the necessary prerequisite to the right to maintain a suit for an equitable accounting, like all other equitable remedies, is, as we pointed out in Beacon Theatres, the absence of an adequate remedy at law. Consequently, in order to maintain such a suit on a cause of action cognizable at law, as this one is, the plaintiff must be able to show that the "accounts between the parties" are of such a "complicated nature" that only a court of equity can satisfactorily unravel them.

Considering the nature of the specific accounting sought by plaintiff in that case, and finding it to be of an uncomplicated nature, the Supreme Court determined *790 that the "accounting" request in plaintiff's complaint was, effectively, a legal claim, and that plaintiff was entitled to a trial by jury.

It appears that the same is true in the present case. Although the patent issues themselves may be of a complicated nature, there is nothing in the accounting sought by plaintiff which is of such a nature that would render a jury incompetent to determine the specific amount to be awarded; a jury trial will not be barred.

Defendant's reliance on the decision in Robine v. Apco, Inc., 227 F. Supp. 512 (S.D.N.Y.1964), is misplaced. Although the case was decided in 1964, the court was apparently unaware of the Dairy Queen decision when it stated:

 
This then left merely the issue as to whether there had been an infringement of the patent. This issue was left for determination by the Court since after the first cause of action had been dismissed legal relief was no longer available. No evidence had been offered as to any damages on the second cause of action. In fact, plaintiffs were no longer requesting damages; to the contrary, an accounting was requested.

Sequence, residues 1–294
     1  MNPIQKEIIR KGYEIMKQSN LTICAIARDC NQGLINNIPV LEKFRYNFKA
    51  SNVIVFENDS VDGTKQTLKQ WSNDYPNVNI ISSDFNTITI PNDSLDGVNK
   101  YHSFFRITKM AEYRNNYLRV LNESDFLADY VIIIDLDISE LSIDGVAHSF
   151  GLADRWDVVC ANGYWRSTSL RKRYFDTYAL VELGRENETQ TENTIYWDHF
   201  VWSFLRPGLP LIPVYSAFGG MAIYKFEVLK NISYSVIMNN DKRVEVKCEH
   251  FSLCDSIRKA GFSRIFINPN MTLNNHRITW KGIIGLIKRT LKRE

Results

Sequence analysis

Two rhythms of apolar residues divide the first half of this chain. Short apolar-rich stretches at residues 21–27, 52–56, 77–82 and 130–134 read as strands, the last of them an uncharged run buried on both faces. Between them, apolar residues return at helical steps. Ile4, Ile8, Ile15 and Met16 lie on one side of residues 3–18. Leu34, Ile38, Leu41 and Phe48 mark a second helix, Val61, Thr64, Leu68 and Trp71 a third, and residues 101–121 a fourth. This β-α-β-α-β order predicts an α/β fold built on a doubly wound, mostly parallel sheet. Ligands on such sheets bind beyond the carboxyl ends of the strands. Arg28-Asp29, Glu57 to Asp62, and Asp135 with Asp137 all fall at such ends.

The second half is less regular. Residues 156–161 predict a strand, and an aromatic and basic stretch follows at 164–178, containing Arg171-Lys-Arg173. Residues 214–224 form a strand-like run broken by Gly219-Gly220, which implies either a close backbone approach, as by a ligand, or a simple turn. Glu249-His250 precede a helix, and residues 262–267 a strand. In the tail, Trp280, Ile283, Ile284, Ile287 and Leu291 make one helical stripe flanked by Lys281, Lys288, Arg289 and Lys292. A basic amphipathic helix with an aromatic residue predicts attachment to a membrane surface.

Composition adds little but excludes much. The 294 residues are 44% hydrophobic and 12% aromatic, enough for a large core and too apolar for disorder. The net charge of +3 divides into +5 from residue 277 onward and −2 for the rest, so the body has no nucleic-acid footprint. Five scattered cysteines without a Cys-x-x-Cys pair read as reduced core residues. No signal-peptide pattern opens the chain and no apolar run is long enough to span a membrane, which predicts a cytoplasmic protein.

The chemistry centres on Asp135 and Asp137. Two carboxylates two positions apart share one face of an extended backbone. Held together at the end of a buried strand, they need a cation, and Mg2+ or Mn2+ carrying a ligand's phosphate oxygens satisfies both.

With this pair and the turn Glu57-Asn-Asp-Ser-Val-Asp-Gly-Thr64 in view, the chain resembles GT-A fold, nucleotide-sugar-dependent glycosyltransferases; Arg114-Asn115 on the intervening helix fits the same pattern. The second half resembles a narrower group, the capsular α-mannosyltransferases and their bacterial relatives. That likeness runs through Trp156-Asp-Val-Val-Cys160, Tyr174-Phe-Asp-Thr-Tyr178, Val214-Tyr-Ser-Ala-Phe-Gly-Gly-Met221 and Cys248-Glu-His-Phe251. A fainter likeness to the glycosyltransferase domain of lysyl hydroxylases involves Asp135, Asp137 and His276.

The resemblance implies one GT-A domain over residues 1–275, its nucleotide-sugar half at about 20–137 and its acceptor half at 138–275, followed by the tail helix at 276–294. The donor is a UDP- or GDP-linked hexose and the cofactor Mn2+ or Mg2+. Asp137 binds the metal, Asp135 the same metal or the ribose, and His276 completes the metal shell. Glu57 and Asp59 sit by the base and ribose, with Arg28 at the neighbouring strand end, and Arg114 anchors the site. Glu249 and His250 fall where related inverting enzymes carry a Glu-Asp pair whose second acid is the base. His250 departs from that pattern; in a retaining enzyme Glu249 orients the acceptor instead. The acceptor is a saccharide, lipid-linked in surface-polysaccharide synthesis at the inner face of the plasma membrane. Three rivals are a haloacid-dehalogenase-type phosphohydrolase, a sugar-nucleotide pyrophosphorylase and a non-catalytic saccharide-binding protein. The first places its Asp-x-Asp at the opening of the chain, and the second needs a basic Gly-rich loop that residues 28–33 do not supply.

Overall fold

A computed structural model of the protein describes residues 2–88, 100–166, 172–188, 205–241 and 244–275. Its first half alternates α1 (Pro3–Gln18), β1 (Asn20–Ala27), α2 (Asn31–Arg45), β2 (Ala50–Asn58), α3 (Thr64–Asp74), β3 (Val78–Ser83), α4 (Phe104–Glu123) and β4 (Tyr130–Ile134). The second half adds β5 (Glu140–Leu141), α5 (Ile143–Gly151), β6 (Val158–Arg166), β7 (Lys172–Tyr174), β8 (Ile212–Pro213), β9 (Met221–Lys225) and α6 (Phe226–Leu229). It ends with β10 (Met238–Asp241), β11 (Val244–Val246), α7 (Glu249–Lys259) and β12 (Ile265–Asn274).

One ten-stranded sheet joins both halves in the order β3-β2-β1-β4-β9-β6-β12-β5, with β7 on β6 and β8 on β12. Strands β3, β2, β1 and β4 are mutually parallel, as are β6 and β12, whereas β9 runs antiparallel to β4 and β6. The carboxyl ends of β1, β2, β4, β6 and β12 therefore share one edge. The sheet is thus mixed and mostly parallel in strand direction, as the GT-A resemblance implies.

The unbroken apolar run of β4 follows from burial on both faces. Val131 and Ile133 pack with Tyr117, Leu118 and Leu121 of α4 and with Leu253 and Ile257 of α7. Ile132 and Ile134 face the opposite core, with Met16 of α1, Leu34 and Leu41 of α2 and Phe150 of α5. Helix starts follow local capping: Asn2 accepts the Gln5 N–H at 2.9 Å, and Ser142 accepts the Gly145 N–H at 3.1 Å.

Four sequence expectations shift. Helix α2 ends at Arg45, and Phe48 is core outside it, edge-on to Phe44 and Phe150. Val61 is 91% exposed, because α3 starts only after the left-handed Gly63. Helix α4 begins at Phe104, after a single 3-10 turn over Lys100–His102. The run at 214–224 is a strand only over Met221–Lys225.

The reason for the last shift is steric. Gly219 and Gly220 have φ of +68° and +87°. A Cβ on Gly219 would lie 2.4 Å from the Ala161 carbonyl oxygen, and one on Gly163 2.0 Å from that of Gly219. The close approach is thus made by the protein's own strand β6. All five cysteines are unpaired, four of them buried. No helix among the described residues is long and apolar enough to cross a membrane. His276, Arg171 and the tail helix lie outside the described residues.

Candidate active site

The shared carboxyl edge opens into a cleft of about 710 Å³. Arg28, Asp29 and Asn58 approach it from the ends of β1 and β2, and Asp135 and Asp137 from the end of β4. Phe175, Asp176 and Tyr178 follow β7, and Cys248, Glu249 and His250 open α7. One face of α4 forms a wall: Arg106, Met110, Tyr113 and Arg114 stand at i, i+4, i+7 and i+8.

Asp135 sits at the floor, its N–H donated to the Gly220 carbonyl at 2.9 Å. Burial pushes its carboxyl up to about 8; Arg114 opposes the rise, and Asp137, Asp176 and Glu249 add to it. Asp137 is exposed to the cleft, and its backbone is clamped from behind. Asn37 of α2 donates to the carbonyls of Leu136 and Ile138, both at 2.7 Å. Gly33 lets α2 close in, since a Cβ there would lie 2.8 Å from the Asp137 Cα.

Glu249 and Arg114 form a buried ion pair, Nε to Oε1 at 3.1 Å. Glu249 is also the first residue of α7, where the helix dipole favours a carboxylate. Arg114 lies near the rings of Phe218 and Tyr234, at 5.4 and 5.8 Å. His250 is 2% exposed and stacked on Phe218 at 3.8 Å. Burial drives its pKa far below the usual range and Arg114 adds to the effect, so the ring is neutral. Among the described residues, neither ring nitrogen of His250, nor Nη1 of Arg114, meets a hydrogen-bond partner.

227 F. Supp. at 516-517.

Nothing can be more elemental since Dairy Queen than the fact that a complaint requesting only "an accounting" cannot automatically be categorized as equitable, and hence bar a jury trial. See King v. United Benefit Fire Ins. Co., 377 F.2d 728 (10th Cir. 1967). Rather, the correct rule of law was stated in the decisions in AMF Tuboscope, Inc. v. Cunningham, 352 F.2d 150 (10th Cir. 1965); Swofford v. B & W, Inc., 336 F.2d 406 (5th Cir. 1964); and Ross v. Bernhard, 275 F. Supp. 569 (S.D.N.Y. 1967)cases which recognized the fact that the determination as to whether a request for an accounting is equitable is to be made after a consideration of the hardship which a jury would find in calculating the proper amount of money to be awarded. As was stated in the Ross decision:

 
Plaintiffs are seeking a money judgment. They ask that defendants "pay" to the corporation defendants' gains and the corporation's loss. The issues are not so complicated as to make it impracticable for a jury to ascertain the amount, if any, to which plaintiffs may be entitled. * * *
 
Defendants' motion [to strike the plaintiffs' demand for a jury trial] is denied.

Because there is nothing in the accounting sought by the plaintiff which is of such a nature that would render a jury incompetent to determine the specific amount of money to be awarded to plaintiff should it determine the infringement and patentability issues in his favor, the defendant's motion to quash plaintiff's demand for a jury trial on all issues will be denied.

Let an appropriate order be submitted.